Marijuana possession and any pot-related advertising were already forbidden. Airport executives extended the ban this month after a retailer sought a free-standing kiosk to sell the boxer shorts and similar items that played off

Colorado’s place as the first state to allow recreational marijuana sales.

Airport officials feared the souvenirs would send the wrong message...

Kristen Wyatt

An Arctic-wide boycott of all North West Co. owned grocery stores is planned for Saturday. North West Co. is the Canadian corporation that owns 33 Alaska Commercial Co. stores in rural Alaska, including stores in Kotzebue, Barrow, Nome and Bethel. North West Co. also owns 122 “Northern” stores in Canada, which is the only grocery store option available for many Inuit families...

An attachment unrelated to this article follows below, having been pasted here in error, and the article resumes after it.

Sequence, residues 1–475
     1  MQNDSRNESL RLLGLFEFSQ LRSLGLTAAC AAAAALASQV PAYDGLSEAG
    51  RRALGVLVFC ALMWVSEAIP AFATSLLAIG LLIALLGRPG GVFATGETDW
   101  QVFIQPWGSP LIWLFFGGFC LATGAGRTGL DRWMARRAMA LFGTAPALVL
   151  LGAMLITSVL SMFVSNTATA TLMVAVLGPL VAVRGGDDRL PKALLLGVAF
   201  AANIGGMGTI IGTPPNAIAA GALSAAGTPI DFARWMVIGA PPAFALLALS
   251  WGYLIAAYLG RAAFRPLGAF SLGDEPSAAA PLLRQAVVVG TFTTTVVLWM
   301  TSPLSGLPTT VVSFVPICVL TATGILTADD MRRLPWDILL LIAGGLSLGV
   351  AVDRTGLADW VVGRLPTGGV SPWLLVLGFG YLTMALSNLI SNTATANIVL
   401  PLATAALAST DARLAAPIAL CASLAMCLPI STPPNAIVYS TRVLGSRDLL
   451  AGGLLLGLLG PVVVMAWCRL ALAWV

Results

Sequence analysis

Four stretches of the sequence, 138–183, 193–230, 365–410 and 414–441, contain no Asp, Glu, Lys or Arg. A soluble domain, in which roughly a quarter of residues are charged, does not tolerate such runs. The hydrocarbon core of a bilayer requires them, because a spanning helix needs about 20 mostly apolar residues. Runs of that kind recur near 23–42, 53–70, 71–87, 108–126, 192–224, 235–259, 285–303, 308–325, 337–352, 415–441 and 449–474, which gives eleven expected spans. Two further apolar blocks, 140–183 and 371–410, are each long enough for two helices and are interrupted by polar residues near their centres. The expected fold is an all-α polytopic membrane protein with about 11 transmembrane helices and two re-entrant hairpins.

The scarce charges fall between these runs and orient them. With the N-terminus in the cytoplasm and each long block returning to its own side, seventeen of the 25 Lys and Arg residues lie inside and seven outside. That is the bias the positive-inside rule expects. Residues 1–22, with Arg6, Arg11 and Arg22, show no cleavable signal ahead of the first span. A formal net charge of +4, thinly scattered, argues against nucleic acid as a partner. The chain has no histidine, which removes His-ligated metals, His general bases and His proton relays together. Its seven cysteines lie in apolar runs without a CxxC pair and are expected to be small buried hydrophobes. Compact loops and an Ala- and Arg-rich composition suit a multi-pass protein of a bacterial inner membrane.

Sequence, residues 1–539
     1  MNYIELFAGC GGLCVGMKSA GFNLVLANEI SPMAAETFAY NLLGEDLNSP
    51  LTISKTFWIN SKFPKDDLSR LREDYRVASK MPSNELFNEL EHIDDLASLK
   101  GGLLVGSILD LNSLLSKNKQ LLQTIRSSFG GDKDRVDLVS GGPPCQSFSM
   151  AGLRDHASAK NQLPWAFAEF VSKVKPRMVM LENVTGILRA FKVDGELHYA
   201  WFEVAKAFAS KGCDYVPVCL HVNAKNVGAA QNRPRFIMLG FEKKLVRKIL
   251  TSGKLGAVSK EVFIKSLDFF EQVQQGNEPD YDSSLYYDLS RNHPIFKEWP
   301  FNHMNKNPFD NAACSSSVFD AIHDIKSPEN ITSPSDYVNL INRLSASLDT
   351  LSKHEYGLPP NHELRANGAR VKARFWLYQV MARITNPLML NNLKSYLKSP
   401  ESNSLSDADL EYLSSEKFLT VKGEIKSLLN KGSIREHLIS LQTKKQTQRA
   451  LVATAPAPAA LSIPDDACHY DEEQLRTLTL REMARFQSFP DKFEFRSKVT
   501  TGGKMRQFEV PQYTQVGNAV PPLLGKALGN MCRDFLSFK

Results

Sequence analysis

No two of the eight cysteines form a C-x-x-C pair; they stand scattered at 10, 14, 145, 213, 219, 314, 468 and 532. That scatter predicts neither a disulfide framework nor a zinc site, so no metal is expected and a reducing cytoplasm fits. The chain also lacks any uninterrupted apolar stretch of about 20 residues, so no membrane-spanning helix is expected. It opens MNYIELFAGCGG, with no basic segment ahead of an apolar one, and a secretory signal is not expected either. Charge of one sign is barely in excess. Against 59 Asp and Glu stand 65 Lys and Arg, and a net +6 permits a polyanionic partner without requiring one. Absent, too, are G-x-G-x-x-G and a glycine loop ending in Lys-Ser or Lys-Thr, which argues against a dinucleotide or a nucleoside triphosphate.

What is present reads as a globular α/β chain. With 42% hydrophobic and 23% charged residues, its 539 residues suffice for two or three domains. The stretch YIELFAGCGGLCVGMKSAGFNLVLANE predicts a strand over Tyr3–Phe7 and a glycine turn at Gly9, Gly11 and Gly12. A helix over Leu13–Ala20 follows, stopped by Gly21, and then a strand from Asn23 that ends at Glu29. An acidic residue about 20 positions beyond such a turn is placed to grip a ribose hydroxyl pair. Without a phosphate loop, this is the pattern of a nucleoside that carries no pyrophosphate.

Timothy Aqukkasuk Argetsinger

The Alaska Department of Health and Social Services announced Wednesday that a second test administered on a 1-year-old girl suspected to have measles came back negative.

A first nasal swab, taken on Jan. 19, indicated that the Anchorage girl tested positive for measles. She and her family had recently traveled to Southern California, where a measles outbreak was ongoing. On Jan. 13, a day after they returned, the girl received a measles vaccination. Within the next few days, she developed a rash and fever...

Tegan Hanlon